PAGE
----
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A History of Waterloo Park

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A history
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Waterloo Park -- A History
On Sept. 1, 1890, the Village of Waterloo, with the assistance of the Board of Trade, acquired the 65-acre Jacob Eby farm to create its first park. Originally named West Side Park, the site contained the Eby farmhouse and orchard that was prominently located on a knoll that sloped south towards Silver Lake.

Shortly after opening, a grandstand was erected to accommodate organized activities at the track, known as the "Oval," and in 1895 over 10,000 visitors enjoyed the Canadian Wheelman’s Association Championship cycling races. Other buildings were added as the park developed, including boathouses and swimming rafts on Silver Lake, the 1820 log school, a bandstand, rustic gates and shelter at the mineral spring, and the grass tennis courts in 1900. By 1919, a pavilion, greenhouse, wading pool, washroom and toboggan slide had been added. In early 1920, the Seagram family donated a bandshell to the park in the location of the present Lion’s Lagoon. Change houses, located on either side of the bandshell and attached to it, allowed the visitor to enter directly into Silver Lake.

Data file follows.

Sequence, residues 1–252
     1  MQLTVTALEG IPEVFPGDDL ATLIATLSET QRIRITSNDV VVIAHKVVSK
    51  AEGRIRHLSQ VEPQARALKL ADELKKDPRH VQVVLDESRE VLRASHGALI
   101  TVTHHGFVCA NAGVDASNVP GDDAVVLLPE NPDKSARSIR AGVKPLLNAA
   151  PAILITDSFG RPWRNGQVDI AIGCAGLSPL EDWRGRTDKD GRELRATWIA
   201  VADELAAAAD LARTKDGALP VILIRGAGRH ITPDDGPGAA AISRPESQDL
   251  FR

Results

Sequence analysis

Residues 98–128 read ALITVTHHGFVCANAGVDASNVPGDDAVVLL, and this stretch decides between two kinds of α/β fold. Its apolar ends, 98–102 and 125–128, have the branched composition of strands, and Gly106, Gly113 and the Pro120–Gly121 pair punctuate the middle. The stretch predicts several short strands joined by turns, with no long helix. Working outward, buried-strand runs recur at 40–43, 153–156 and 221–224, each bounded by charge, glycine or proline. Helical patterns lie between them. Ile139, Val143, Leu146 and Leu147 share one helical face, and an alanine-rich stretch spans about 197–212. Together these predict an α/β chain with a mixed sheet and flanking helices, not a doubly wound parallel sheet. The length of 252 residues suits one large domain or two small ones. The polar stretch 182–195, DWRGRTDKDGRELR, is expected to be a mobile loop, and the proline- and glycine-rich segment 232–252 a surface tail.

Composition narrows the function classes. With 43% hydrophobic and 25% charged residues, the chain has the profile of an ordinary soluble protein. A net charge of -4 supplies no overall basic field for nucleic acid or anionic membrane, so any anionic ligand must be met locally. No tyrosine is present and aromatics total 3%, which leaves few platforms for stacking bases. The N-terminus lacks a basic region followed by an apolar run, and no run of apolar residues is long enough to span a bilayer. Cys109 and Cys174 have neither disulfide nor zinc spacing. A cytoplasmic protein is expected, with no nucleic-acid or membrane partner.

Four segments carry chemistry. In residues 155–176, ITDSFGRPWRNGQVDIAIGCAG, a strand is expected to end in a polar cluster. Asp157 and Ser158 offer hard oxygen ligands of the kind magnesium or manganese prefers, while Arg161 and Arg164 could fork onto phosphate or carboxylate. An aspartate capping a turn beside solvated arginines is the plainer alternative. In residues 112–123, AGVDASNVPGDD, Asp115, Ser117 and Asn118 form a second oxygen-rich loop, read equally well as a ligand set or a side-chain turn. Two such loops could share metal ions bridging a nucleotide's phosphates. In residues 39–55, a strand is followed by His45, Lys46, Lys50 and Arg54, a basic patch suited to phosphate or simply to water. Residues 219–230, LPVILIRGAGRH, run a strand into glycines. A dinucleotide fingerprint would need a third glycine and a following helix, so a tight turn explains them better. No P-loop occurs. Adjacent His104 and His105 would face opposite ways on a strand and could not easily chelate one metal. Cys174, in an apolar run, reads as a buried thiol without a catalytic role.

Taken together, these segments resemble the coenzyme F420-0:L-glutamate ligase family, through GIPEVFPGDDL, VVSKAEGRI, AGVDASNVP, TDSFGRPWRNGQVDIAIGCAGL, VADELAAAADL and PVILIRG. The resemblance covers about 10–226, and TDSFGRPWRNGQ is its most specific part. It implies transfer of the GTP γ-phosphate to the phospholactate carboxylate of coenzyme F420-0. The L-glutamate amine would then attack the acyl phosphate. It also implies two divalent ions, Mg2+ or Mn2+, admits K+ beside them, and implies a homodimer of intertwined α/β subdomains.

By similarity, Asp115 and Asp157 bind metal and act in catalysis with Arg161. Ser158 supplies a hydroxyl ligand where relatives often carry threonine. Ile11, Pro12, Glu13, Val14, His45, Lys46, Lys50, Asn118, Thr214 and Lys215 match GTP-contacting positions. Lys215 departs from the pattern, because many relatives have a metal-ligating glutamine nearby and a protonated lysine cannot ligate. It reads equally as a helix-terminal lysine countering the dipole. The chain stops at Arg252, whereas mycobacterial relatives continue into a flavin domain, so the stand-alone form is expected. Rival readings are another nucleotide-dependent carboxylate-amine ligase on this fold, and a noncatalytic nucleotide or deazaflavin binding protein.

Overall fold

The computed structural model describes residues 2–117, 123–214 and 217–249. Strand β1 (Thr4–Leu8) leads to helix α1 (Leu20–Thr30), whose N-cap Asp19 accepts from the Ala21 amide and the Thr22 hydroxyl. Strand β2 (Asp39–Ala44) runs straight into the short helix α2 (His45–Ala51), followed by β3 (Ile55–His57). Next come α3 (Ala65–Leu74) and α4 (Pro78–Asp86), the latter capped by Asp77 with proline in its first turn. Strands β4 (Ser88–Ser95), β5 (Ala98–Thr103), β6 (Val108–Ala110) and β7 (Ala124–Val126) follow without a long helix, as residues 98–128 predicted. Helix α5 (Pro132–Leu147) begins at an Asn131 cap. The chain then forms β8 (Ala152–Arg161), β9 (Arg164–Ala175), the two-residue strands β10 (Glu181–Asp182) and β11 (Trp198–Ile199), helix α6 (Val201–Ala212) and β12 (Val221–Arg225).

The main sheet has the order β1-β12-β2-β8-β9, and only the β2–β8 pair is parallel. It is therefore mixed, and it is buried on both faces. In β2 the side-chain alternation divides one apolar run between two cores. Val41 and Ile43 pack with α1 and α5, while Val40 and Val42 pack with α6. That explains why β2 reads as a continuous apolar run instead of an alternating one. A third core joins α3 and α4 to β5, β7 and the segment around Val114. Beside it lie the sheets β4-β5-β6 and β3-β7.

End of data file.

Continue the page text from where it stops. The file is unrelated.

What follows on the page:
In 1901, citizens of Waterloo raised money to erect a Victoria Jubilee Gateway at the park entrance on Young Street. The gates consisted of India limestone, brickwork and ornamental ironwork that were illuminated by nine electric globe ornamental lights. This was the only lighting in the park until the late 1940s when a lighted sports field was constructed.

Throughout its long history the park has been well used by local residents for family reunions, corporate and church picnics, and was a popular attraction for all visitors to Waterloo. Organized music events, such as Saengerfests and Waterloo Music Society Band concerts, were held in the park and attracted thousands of visitors from all over North America.

In the 1950s new buildings were added to the park including Lion’s Pool and the Park Inn concession stand. Most of the original buildings, with the exception of the Eby farmhouse and the small cookhouse, were removed during this period – the grandstand in 1953, the gates in 1957, the bandshell in 1969 and the pavilion in 1972. Canada’s centennial in 1967 was celebrated in the park with the construction of a bandshell in the expanded west side of the park and the popular animal display area on the east side. In 1996 the rehabilitation of Silver Lake included the addition of a reconstruction of Abraham Erb’s gristmill.

Today Waterloo Park contains a range of facilities that reflect the different styles and period of construction in its long history.
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